Here are some pictures of the finished product. The circuit was simple enough for him to "design" it (with prompting and some good old Socratic method). He did the parts layout, I did most of the wiring. About half of the soldering joints were done by me, and the other half by a rising 8th grader who had never soldered before.
One unusual aspect to the circuit is that all of the ground pins of the LEDs are tied together, and that ground pin is connected to a single 100 ohm resistor which is then connected to the negative side of the coin battery. Normally, there should be a single 100 ohm resistor that independently connects each LED to the ground. This design saved on parts with the restriction that if multiple LEDs are turned on at the same time, they will appear dimmer than if only one is turned on.
Of course the resistor is probably the cheapest part in the entire project, but doing it this way also saved on the number of soldering joints needed to finish the project. In the end, I think the soldering is what takes the most time and is the most frustrating, so it's probably worth it for that.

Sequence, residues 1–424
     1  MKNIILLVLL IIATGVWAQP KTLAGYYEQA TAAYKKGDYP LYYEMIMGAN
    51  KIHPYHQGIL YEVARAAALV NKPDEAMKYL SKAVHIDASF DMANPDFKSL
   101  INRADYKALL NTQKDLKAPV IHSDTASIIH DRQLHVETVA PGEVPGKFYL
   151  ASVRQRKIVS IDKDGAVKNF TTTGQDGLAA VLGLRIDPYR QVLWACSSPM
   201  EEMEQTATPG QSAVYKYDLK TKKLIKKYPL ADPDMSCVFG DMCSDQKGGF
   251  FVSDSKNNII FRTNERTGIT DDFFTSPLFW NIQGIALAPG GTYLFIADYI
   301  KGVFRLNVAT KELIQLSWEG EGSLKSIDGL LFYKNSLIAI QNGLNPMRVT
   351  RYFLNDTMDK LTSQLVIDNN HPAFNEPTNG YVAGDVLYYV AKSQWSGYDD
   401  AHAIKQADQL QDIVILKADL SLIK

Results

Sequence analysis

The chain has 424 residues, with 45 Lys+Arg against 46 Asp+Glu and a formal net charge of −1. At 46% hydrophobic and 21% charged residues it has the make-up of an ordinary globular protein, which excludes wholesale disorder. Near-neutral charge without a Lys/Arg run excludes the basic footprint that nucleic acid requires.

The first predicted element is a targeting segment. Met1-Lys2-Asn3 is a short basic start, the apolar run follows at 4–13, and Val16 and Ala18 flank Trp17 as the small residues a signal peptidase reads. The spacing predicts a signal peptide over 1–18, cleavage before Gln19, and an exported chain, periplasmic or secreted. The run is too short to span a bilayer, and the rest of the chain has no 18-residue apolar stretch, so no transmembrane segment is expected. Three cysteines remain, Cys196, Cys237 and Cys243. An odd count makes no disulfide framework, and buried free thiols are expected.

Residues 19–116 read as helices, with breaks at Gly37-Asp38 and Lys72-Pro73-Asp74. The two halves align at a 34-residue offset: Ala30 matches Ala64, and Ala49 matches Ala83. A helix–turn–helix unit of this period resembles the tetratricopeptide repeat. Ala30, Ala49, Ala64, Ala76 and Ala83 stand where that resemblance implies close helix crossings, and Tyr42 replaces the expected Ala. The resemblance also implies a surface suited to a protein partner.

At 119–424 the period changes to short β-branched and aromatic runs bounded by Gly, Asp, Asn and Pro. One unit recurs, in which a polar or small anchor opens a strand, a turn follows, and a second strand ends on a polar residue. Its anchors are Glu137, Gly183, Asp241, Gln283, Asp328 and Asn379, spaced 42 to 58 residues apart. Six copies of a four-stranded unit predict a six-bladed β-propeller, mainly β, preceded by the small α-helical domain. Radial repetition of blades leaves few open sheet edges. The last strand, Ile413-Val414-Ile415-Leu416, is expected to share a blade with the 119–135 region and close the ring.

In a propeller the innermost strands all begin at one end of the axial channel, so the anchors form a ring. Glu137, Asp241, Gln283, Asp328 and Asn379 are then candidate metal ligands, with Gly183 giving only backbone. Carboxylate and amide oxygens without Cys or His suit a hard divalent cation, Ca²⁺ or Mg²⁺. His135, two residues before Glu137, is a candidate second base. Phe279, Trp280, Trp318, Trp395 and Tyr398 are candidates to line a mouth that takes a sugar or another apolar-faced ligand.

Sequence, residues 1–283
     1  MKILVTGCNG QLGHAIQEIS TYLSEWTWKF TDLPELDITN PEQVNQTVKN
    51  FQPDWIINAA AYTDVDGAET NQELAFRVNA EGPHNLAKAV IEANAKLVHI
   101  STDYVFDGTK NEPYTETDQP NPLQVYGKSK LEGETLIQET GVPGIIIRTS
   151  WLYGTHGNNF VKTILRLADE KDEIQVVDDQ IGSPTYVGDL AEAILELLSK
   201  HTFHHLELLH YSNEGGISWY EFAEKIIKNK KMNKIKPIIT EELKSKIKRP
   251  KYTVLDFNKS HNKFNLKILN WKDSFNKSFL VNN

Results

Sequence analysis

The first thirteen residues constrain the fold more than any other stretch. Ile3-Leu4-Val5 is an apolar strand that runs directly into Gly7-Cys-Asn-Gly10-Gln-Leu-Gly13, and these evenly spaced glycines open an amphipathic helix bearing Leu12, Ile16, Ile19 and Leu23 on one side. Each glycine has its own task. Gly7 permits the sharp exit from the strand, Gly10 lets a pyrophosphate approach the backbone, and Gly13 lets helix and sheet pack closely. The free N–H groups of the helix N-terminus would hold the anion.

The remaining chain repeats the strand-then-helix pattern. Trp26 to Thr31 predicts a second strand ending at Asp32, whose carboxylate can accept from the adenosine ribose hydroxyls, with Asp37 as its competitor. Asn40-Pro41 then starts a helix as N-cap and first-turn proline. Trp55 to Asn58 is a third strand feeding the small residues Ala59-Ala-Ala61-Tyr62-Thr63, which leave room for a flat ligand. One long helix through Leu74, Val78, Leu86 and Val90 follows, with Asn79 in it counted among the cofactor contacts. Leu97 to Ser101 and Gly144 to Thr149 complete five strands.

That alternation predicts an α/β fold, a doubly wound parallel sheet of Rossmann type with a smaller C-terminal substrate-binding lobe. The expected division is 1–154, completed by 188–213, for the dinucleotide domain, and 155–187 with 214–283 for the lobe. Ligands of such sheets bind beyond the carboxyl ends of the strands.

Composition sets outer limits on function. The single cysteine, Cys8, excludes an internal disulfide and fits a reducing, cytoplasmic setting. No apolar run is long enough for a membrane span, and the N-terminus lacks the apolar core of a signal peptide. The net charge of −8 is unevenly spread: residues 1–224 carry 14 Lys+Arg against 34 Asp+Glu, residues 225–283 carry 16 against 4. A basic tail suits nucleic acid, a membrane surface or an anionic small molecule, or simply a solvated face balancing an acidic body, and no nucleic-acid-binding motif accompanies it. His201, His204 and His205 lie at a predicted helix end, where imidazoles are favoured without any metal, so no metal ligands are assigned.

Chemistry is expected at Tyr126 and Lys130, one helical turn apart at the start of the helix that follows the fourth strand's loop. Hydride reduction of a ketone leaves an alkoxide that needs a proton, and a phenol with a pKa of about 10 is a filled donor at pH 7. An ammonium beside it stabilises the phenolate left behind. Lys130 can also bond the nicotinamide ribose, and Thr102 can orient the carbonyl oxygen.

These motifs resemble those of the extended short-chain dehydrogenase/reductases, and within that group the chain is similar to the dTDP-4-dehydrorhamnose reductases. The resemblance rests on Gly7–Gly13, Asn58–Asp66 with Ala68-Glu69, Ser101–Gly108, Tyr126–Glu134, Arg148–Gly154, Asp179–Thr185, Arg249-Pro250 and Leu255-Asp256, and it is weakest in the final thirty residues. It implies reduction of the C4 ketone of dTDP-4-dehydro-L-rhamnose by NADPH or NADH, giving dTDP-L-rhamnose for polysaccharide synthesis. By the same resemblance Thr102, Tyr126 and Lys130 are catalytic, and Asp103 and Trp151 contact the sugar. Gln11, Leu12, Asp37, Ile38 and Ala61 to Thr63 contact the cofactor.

All of the parts in this project are readily availble through multiple sources. All links/costs valid as of July 2013.
|5||generic led||thaishine||$3.51 for 30||nte30043||$1.51|
|1||100-220 ohm resistor (1/4-1/8 watt)||thaishine||$2.20 for 100||271-1108||$1.49 for 5|
|1||8 pin dip socket||thaishine||$3.17 for 40||276-1995||$0.99|
|1||circuit board||?||?||276-148||$2.49 for 2|
And I would be horribly negligent if I didn't mention the following mind blowing site: http://web.media.mit.edu/~plusea/ The really push the limits on what you can do with low tech electronics in non-standard ways.